I do not claim to be a country boy in the strictest sense. At the same time, I am not really a city boy either. To be perfectly honest, I would have to say I am more suburbanite in my upbringing. Still, when I reflect on my childhood and youth, I am thankful for the more rural things that were part of my life. Living in the South, there are just some things you absorb by a type of osmosis. For example, I chose to listen to the local rock radio station and yet I know all the country songs and artists from back then.
I am feeling nostalgic for simpler times as we emerge from this pandemic. I fondly recall not only the smell of honeysuckle, but also the taste from pulling off the flowers and sucking out the nectar. I became a master catcher of crawdads from under countless rocks in numerous creeks. I spent sunny afternoons playing “catch and release” with grasshoppers and cool evenings putting lightning bugs in jars. I have flown June bugs in circles with a string attached to a hind leg. I was the guy everyone called if there was any snake wrangling that needed to happen. The same applied to lizards and frogs.
Helping my father with various projects introduced me to some tools I imagine would be foreign to many kids today. Besides the common push mowers and weedeaters, rakes, shovels and hoes, I broke plenty of sweat with posthole diggers, brush axes, scythes, tillers, mattocks and pruners. I hauled a little hay and cut a little tobacco. When I took a break I would cool down by drinking water from a hose and dousing my head with it as well. I even became familiar with a lathe though I never finished my dream project of a homemade baseball bat.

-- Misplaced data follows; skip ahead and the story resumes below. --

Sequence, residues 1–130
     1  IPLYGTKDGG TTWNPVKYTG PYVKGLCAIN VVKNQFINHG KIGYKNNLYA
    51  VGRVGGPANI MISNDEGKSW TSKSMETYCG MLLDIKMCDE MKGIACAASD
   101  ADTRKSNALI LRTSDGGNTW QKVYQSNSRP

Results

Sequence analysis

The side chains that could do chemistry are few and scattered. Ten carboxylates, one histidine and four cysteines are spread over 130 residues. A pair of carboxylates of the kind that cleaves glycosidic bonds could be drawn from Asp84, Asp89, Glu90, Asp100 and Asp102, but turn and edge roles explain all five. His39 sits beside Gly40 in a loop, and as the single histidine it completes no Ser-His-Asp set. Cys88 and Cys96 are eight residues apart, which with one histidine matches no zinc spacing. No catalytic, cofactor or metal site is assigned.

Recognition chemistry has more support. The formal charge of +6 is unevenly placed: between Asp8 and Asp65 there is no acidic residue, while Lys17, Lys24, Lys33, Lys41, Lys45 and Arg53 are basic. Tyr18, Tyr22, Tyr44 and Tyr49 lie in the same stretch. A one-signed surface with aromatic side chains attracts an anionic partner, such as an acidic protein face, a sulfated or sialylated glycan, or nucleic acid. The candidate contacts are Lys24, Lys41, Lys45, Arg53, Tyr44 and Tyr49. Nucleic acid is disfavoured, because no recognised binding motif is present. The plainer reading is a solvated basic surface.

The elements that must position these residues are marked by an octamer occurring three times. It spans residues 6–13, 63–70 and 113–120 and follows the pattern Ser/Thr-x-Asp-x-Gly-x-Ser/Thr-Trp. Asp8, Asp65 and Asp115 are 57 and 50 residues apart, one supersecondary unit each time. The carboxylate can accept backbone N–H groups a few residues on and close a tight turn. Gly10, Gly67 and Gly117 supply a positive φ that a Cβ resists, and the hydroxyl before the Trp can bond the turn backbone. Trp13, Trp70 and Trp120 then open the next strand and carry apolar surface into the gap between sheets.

Along the way, I learned to bait a hook whether with corn or a worm. I never graduated to big game hunting, but bagged a few squirrels and rabbits and ate them as well. I’ve pulled countless ticks off of every part of my body. I spent enough time in the woods that its unique scent is the best aromatherapy I know. The night sounds of crickets, whippoorwills and spring peepers calm my soul. I feel right at home with my hands in the soil either planting seeds or pulling weeds.
I do not have much of a purpose for this rambling reminiscing other than perhaps triggering some of your own fond recollections. Thank God I am sort of a country boy.
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